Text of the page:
Our campaign is focussed on copyright issues as they affect artists. This remit can cover anything from proposed new copyright legislation, the conflict between 'Big Tech' and copyright enforcement, copyright abuses by organisations, abuses such as rights grabbing, copyright infringements, piracy, the deletion of copyright information by many organisations' websites, such as Facebook and Twitter, and so on.
Apart from our own investigations, and the notices we recieve from artists about copyright abuse, we use Twitter to seek out issues that should be brought to artists' attention. How do we choose who to follow? This has evolved since @ArtistRights was launched on Twitter in April 2011, then one of our policies was to simply to follow every artist who followed us. We have had to review our policies since then and now plan only to follow organisations or people who regularly post news about copyright issues as they affect artists.
We use Tweetdeck to manage those we follow, to categorise them into lists, and we also use Tweetdeck's filtering mechanisms. So for example we have an 'Artists' list, a 'Legal' list (for lawyers), a 'Copyright' list for non legal commentators, a 'Goverment' list for those departments/politicians involved with copyright, and so on. We also use Tweetdeck filters, they are useful but are a bit hit and miss at finding relevant and topical commentary on the issues we address in our campaign
Our resources are not unlimited and much of our resource is dedicated to engaging with organisations seeking to persuade them of the benefits of supporting the principles set out in the Artists' Bill of Rights. This effort is unreported and unsung, our correspondence with them remains confidential. We also have to prepare reports for our website so monitoring Twitter (& Facebook) is just one of many activities the campaign is involved in.
To make most effective use of the campaign's resources and to use Twitter to focus as closely as it can on the relevant issues we simply cannot follow everyone who follows us. So here are the guidelines about who we follow;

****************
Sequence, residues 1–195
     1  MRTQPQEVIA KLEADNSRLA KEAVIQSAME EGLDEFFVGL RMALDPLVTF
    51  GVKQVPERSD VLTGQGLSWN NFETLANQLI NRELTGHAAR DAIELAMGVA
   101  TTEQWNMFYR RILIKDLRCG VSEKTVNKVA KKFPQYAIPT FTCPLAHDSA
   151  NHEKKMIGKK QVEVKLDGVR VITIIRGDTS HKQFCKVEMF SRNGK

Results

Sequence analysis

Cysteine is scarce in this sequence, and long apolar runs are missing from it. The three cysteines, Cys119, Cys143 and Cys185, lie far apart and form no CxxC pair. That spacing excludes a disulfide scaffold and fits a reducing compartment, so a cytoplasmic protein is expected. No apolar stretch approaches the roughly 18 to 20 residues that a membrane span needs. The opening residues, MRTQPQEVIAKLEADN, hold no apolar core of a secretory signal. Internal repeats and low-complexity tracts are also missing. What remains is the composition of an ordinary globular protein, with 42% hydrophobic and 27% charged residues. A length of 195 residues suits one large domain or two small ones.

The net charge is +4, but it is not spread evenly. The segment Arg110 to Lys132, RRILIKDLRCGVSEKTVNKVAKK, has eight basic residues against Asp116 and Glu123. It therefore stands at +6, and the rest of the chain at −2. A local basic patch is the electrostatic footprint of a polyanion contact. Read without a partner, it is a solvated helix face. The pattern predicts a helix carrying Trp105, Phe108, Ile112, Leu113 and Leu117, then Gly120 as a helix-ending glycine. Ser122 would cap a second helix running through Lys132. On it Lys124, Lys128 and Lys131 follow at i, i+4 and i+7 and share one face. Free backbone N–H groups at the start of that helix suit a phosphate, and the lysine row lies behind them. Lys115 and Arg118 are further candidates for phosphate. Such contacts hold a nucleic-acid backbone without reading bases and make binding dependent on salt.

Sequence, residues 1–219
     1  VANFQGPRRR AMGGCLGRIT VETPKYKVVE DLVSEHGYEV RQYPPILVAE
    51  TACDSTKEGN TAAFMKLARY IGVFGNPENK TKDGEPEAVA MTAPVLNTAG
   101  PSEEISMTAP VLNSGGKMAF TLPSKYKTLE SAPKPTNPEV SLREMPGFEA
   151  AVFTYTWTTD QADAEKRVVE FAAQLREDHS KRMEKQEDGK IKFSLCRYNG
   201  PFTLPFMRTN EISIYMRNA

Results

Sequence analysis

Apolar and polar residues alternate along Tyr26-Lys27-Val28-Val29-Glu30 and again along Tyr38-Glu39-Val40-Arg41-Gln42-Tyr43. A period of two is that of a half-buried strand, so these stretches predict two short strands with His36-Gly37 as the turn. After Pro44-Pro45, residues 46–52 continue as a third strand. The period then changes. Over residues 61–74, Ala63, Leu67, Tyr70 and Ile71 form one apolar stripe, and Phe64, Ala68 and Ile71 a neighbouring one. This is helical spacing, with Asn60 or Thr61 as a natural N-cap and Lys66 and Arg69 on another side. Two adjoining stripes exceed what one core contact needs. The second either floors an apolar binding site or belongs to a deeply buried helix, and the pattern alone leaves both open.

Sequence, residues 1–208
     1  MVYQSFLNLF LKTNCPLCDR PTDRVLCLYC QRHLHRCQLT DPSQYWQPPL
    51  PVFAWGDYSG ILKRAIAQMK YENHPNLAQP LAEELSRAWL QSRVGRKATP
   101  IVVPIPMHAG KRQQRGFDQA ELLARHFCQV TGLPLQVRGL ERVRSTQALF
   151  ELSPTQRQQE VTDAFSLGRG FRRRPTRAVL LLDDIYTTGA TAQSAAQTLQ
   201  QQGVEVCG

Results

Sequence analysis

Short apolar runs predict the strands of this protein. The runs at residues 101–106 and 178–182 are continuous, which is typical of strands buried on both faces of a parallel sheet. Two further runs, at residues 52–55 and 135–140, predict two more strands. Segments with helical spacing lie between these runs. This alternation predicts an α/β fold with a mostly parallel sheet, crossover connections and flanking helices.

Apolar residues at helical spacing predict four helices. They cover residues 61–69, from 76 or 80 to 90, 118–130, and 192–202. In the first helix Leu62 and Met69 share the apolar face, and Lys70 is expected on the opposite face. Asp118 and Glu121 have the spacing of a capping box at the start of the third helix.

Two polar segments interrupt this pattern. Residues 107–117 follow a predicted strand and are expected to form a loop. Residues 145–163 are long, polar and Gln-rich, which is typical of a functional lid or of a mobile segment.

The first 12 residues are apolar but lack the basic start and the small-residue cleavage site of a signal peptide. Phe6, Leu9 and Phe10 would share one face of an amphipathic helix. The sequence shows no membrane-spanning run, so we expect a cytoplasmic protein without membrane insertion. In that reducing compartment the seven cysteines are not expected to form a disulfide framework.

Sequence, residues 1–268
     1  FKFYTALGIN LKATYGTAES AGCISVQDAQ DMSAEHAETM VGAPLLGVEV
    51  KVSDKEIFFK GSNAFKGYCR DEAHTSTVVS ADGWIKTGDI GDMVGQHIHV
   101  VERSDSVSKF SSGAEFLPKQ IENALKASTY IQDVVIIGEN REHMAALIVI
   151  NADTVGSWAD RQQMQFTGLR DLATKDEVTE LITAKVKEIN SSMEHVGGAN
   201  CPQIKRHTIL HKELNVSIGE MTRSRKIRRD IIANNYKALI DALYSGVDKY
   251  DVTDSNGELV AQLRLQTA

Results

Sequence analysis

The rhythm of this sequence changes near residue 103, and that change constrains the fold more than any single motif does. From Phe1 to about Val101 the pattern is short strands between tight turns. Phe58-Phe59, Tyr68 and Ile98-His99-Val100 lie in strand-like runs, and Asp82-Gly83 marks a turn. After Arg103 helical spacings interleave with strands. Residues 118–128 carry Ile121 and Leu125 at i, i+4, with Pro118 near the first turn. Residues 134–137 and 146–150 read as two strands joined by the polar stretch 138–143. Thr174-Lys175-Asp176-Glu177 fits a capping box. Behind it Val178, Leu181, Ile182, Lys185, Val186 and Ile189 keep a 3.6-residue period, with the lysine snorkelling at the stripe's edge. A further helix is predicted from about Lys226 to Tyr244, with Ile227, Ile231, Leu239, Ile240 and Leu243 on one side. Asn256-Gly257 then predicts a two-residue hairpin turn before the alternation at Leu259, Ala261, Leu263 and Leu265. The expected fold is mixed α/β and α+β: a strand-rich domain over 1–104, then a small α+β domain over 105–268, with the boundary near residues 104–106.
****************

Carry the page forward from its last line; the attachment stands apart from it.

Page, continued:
Organisations & businesses who have committed to supporting and adopting the principles set out in the Artists' Bill of Rights are always followed.
For all other organisations and individuals we will follow them if they regularly tweet about the issues our campaign is focussed on, copyright issues concerning artists, copyright abuses such as rights grabbing, copyright infringements and deletion of metadata, copyright legislation as it currently applies to artists, proposed changes to copyright legislation, and links to helpful guidance for artists concerning copyright.
Each person or organisation we follow is added to one of our lists, details of which can be seen on our Twitter lists page. That page will be updated with some commentary in the next few days.
We are currently reviewing all the organisations and individuals we follow in the light of the above and this will mean we will of necessity do some 'unfollows'. We do hope this will not be taken as a slight. If you are an artist and mostly, for example, talk about the techniques of your art, rarely, if ever talking about copyright issues, much as we wish we had the time to do so we will not follow you. However, we do value your support in following us, and we hope information and news that we impart is of relevance to you. We are trying to provide a service, imparting relevant news to professional artists, and educational material to the public, we hope our followers will understand what we are doing and why.